, which can be controlled via lc.control
.
Domain reduction tends to be rather conservative. If the computed solution has a suspiciously steep slope at any of the domain boundaries, the recommended strategy is to enforce a smaller domain by increasing the parameters domind1l
and/or domind2r
via lc.control
. The function loglike
may be used to compare the (normalized) loglikelihoods of the results.
logConCens
is an alias for logcon
. It is introduced to provide unified naming with the main functions in the packages logcondens
and logcondiscr
.
logconcure
is the same as logcon
with adapt.p0 = TRUE
fixed.
An object of class lcdensity
for which reasonable plot
, print
, and summary
methods are available.
If the argument x
is a twocolumn matrix (censored data case), such an object has the following components.
basedOn 
the string 
status 
currently only 
x 
the data entered. 
tau 
the ordered vector of different interval endpoints. 
domind1, domind2 
the indices of the 
tplus 
the grid vector. 
isKnot 

phi 
the vector of phivalues at the finite elements of 
phislr 
if sup(dom(phi)) = Inf, the slope of phi after the last knot. Otherwise Inf. 
phislr.range 
a vector of length 2 specifying a range of possible values for 
cure 
the cure parameter. Either the original argument 
cure.range 
a vector of length 2 specifying a range of possible values for 
Fhat 
the vector of values of the distribution function F of exp o phi at the finite elements of 
Fhatfin 
the computed value of lim_{t to Inf} F(t). 
If x
is a vector, this function does the same as the function logConDens
in the package
logcondens
. The latter package offers additional features such as gridbased computation with weights
(for high numerical stability) and
smoothing of the estimator, as well as nicer plotting. For exact data we recommend using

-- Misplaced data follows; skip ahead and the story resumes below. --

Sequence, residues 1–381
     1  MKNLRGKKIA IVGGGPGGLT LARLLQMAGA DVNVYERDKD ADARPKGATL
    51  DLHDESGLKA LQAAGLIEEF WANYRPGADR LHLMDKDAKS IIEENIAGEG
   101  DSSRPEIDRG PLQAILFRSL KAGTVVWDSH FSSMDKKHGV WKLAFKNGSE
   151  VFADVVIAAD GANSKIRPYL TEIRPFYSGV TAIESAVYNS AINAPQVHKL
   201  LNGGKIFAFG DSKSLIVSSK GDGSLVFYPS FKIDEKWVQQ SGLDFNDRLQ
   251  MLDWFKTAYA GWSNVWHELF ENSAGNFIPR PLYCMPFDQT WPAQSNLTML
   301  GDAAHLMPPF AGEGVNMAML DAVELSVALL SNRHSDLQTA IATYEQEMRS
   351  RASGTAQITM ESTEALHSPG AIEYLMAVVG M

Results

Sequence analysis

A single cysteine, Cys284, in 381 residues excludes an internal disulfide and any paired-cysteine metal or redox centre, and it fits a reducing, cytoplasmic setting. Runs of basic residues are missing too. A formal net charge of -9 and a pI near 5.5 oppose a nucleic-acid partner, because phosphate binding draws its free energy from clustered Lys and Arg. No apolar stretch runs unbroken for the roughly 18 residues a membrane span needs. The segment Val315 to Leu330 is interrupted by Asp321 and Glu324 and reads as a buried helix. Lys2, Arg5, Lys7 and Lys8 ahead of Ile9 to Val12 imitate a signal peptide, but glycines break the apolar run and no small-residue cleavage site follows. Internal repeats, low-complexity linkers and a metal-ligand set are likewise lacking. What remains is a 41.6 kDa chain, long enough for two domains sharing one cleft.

logConDens
for
everyday data analysis. logcon
with a vector argument is to be preferred if time is of the essence (for
data sets with several thousands of points or repeated optimization in iterative algorithms) or
if an additional slope functionality is required.
Two other helpful packages for logconcave density estimation based on exact data are logcondiscr
for estimating a discrete distribution and LogConcDEAD
for estimating a multivariate continuous distribution.
Dominic Schuhmacher [email protected]
Kaspar Rufibach [email protected]
Lutz Duembgen [email protected]
Duembgen, L., Huesler, A., and Rufibach, K. (2007). Active set and EM algorithms for logconcave densities based on complete and censored data. Technical Report 61. IMSV, University of Bern. http://arxiv.org/abs/0707.4643
Duembgen, L. and Rufibach, K., (2011). logcondens: Computations Related to Univariate LogConcave Density Estimation. Journal of Statistical Software, 39(6), 128. http://www.jstatsoft.org/v39/i06
Duembgen, L., Rufibach, K., and Schuhmacher, D. (2013, preprint). Maximum likelihood estimation of a logconcave density based on censored data. http://arxiv.org/pdf/1311.6403v2.pdf
lc.control
, lcdensitymethods
, loglike
1 2 3 4 5 6 7 8 9 10 11 12 13 14 15 16 17 18 19 20 21 22 23 24 25 26 27 28 29 30 31 32 33 34 35 36 37 38 39 40 41 42 43 44 45 46 47 48 49 50 51 52 53 54 55 56 57 58 59 60 61 62 63 64 65 66 67 68 69 70 71 72 73 74 75 76 77 78 79 80 81 82 83 84 85 86 87 88 89 90 91 92 93 94 95 96 97 98 99 100 101 102 103 104 105 106 107 108 109 110 111 112 113 114 115 116 117 118 119 120 121 122 123 124 125 126 127 128 129 130 131 132 133 134 135 136 137 138 139 140 141 142 143 144 145 146 147 148 149 150 151 152 153 154 155 156 157 158 159 160 161 162 163  # A function for artificially censoring exact data
censor < function(y, timemat) {
tm < cbind(0,timemat,Inf)
n < length(y)